Auckland greengrocer Jack Lum has been forced to close its doors as it's not considered an essential service because a supermarket is nearby.
Mike Lum, the son of the owner, questioned how equally the trading exemption for essential services was being applied, when other fruit stores and supermarkets with the same products were able to stay open.
"It's fair if the guidelines are one size fits all, but when you're just cherry picking who can open and who can close, no it's not," Lum said.
The shop, in Remuera, stocks about 90 per cent fresh fruit and vegetables, as well as some tinned foods and drinks.
He said police officers on Tuesday told them they were doing everything right and could stay open. Lum said they were limiting the number of customers, and cleaning stringently.
But on Thursday, police told the owners to close the shop immediately. Customers waiting in the line objected and said the store was their local grocer and stocked items not available elsewhere.
"The only excuse the [police] could come up with was: 'We do not deem you an essential service because of your proximity to the supermarket, 100m over the road'. That's all they had. Everything they're doing is quite blurry," he said.
Lum said police stayed until they'd loaded the shop's stock into trucks and taken it all off site.
"The shop's naked now, everything's gone. It's just the shelves."
He's worried this may spell the end of Jack Lum's.
"We're a pretty big operation. To stock it all back up again is probably $50,000 or $60,000, plus over 500 man hours to actually do everything and get it ready for sale. So [closing] not something to take lightly."
The family-owned store in Remuera been open for 50 years and, along with other small grocers, has increasingly been under financial pressure from corporate supermarkets.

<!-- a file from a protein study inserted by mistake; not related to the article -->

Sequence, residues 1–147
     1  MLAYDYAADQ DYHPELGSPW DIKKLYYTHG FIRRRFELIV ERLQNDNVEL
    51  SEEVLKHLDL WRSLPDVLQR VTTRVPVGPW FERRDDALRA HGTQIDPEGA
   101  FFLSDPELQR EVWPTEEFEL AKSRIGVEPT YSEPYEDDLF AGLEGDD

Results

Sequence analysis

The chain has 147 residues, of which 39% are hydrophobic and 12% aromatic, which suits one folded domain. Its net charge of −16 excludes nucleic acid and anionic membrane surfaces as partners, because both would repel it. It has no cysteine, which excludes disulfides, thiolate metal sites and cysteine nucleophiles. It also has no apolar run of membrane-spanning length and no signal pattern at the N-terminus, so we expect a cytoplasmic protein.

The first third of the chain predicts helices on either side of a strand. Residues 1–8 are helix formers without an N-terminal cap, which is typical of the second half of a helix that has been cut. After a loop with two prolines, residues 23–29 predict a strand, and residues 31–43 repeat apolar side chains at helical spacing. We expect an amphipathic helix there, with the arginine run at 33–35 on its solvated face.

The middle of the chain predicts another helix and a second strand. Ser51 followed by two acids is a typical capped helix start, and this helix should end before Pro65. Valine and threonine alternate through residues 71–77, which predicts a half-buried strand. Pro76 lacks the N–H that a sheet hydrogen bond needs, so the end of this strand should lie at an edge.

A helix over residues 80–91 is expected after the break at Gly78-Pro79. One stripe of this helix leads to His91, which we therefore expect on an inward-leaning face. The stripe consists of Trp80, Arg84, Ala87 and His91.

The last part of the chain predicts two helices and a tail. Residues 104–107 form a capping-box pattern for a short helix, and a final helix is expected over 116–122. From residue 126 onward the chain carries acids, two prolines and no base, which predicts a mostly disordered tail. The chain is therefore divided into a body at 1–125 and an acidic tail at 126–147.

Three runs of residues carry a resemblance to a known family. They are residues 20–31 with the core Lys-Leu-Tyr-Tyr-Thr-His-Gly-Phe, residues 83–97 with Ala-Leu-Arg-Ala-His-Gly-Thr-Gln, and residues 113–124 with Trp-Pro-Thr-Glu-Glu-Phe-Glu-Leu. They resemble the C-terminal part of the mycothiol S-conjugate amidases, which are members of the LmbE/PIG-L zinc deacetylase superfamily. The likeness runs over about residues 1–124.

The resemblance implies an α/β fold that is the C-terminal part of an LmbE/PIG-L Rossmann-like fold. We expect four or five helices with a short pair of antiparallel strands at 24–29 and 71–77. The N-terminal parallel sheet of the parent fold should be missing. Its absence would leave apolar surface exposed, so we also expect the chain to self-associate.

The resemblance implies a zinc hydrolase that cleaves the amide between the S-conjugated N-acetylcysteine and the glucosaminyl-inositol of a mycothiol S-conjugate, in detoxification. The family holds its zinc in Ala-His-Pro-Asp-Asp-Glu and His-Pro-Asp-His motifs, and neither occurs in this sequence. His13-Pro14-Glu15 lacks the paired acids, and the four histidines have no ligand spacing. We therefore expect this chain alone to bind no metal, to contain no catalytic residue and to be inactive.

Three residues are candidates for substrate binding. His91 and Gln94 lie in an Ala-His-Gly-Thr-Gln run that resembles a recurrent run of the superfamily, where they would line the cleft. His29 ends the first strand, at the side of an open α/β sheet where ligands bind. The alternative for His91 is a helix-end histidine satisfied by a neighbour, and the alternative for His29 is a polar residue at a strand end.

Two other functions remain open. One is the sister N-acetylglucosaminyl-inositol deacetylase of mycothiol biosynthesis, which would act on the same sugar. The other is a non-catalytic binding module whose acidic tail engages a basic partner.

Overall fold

He said they were running at a loss during the lockdown.
"Dad, being Dad, just wanted to provide a service for his community."
Calling the store an institution, local MP David Seymour said the closure was "incredibly arbitrary".
"Earlier in the week they were told they could continue to open, and then completely contradicting that, the police showed up on Thursday and told them to shut down with no notice," Seymour said.
"It's symptomatic of the Government not giving clear directives or rules, and it's creating carnage. It's not very expensive for them to re-open even if they were given permission, and there's a huge injustice that Fruit World just across the road in Greenlane is able to remain open."
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Seymour said this is an issue of equity.
"There are a small number of large businesses being rushed off their feet, and I don't begrudge them for the service that they're offering.
"On the other hand there are a lot of smaller retailers, people who will have mortgaged their house to create working capital for their business, who risk losing everything as a result of the government's indecision and often illogical conclusions about who should be able to be open in order to fight Covid-19."